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NARP's 50th Anniversary


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#1 jis

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Posted 07 August 2017 - 04:13 PM

NARP is throwing a big party for its 50th anniversary, in Chicago early in November (Nov 2 - 5)

 

See https://www.narprail...nation-chicago/

 

I was looking forward to it, until I started calculating the cost that is. Turns out that I can pretty much do a round trip to India in Coach for the cost of the Hotel, Registration, Gala Dinner etc. etc. all put together, even before I add in the cost of transport to get there and back. Which is now giving me a bit of a pause. What are the rest of y'all involved with NARP planning to do?

 

I might still make it there, staying at a cheaper hotel or some such. We'll See. But wow! It was a bit of a shock!



#2 pennyk

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Posted 07 August 2017 - 04:49 PM

I looked at the price of the gala dinner and was taken aback.  I am only semi-seriously thinking about going.


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#3 the_traveler

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Posted 07 August 2017 - 06:30 PM

I could not believe the cost of the dinner :o unless it includes at least 5 lobsters!
Take it easy .......

Take the train instead and enjoy the ride!

The view is much better at 3 feet than it is at 30,000 feet!

#4 Bob Dylan

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Posted 07 August 2017 - 06:40 PM

Old saying from JP Morgan:

"If you have to ask how much something costs you can't afford it!" 😄
"There's Something About a Train! It's Magic!"-- 1970s Amtrak Ad
 
".. I ride on a Mail Train Baby, can't buy a thrill.."--I said that!
 
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#5 RSG

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Posted 08 August 2017 - 05:30 AM

The dinner cost was off-putting to me as well, and it made me wonder--aside from the five lobsters which it surely must include in the price--if the expected attire is equally as snazzy. If so, this means packing additional clothes to wear essentially once, or, in the extreme, renting formal wear. So I've booked passage (to Union Station instead of India) and preliminary hotel reservations an an ORD-area hotel in my price comfort range, but have yet to tie up the $200+ in non-refundable registration fees. Since I'm obviously not alone in the breathtaking reaction to the Gala Anniversary Dinner cost, I'm comfortable in skipping it when it comes time to pull the trigger on registration. Obviously there could be a fair number of people doing the same in which to arrange "anti-banquet" dinner plans with.
 
Other than that, I'm looking forward to it!

#6 keelhauled

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Posted 09 August 2017 - 06:39 PM

$225 registration fee?

 

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#7 RSG

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Posted 10 August 2017 - 12:00 AM

The registration fee in and of itself isn't so outlandish; I attend several conferences a year and $200-275 is about average, I would say. Another conference every other year which I attend is about $100 more than that. That is without ticketed events, such as meals and non-sponsored receptions. All of the above events operate on a cost-recovery basis in one of the top 25 cities in the US (including Chicago). I would imagine that the RailNation event is operating on a similar basis. Another organization I belong to actually uses their annual conference as a fundraising event, with a fee of around $75-85 (without meals), though in much smaller venues than places like Chicago. From what I've seen, ultra-professional conferences, where most of the attendees will have an advanced or terminal degree (such as the American Medical Association or American Bar Association) are in the neighborhood of $500 or so.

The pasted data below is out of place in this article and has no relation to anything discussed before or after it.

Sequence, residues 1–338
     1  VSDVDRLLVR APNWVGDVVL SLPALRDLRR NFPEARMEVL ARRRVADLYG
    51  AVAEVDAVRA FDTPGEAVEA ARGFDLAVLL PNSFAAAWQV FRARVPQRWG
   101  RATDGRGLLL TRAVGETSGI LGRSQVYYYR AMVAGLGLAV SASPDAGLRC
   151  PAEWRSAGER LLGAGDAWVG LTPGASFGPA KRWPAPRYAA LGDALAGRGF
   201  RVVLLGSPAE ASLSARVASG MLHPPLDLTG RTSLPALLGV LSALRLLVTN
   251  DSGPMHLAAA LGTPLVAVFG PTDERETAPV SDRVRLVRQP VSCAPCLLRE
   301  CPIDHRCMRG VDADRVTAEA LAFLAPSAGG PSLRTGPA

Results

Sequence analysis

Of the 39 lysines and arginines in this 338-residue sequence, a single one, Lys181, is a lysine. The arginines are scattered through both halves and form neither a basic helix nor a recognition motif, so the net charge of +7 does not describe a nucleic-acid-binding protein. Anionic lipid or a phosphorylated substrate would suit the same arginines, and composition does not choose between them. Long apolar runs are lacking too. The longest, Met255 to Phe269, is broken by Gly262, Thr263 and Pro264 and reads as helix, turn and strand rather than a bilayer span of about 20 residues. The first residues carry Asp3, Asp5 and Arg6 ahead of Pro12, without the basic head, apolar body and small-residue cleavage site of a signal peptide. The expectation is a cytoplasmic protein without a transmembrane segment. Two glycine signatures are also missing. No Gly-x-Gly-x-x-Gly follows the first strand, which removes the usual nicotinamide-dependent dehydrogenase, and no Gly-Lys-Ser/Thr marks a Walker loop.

Where NARP probably could do a better job is in communicating the value received for the cost of registration (as well as that of the Gala Anniversary Dinner). There's a preliminary schedule out, but it's not hugely specific other than the standard "fun for the whole family". Contrast that to two of the conferences I've attended where the opening keynote at one was Anderson Cooper and the closing session at another was Hillary Clinton, both included in the registration fee. Granted, not every conference or event can have a marquee name (or does), but if you know in advance that the odds are good of having a worthwhile event or speaker, it generates both interest and a willingness to overlook what might otherwise be considered steep costs.



#8 Mystic River Dragon

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Posted 10 August 2017 - 11:43 AM

I tried to look up the registration page and was denied access to the site by my computer, so I know where I rate. I will sit on the RiverWalk and wait for you all to bring me free snacks :P.

 

I'm not clear who is sponsoring this--is Rail Nation a group of its own, and NARP members are just going for fun?

 

Or is it NARP itself charging those amounts?

 

If the first, that's fine. If the second, in my opinion, that does not give NARP a good reputation for including everyone--it reinforces the stereotype that advocates (in general) are rich people who have lots of money and free time and don't connect with the real working world.



#9 jis

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Posted 10 August 2017 - 12:35 PM

It is NARP's 50th Anniversary shindig which is being sponsored exclusively by NARP, under a banner name of their choosing. It is being run by a convention organizing outfit, I forget their name, under contract from NARP

 

I have no idea why you can;t get to the registration page, since I can without identifying myself as anything to do with NARP.